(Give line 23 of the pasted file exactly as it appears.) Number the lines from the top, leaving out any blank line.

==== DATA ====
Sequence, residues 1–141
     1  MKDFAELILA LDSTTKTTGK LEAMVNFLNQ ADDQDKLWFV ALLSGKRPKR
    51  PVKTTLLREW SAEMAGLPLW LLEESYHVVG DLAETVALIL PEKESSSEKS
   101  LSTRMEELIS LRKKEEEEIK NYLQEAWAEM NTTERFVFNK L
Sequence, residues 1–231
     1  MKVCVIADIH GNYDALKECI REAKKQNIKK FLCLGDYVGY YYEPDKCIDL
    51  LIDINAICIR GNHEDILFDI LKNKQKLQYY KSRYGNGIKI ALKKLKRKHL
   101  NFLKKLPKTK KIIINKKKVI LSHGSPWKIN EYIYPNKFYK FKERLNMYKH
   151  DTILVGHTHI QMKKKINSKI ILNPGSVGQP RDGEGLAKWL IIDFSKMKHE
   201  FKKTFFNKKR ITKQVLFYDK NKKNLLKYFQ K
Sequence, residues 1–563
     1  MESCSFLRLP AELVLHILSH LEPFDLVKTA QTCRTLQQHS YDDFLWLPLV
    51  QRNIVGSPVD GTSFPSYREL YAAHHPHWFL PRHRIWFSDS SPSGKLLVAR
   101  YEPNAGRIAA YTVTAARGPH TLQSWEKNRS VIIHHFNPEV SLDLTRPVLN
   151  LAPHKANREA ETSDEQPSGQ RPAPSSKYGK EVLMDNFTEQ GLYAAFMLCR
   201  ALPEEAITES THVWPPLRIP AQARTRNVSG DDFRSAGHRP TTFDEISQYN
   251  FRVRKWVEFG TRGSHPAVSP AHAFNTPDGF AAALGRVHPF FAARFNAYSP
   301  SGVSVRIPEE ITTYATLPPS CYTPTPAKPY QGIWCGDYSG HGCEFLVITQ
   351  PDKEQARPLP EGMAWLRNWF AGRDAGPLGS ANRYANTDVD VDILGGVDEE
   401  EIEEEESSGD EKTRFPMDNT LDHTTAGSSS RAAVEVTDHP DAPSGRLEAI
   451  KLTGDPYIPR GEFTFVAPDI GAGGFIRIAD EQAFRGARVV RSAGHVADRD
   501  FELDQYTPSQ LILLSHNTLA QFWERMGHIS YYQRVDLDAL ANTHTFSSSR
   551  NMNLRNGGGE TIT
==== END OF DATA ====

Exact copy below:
   551  NMNLRNGGGE TIT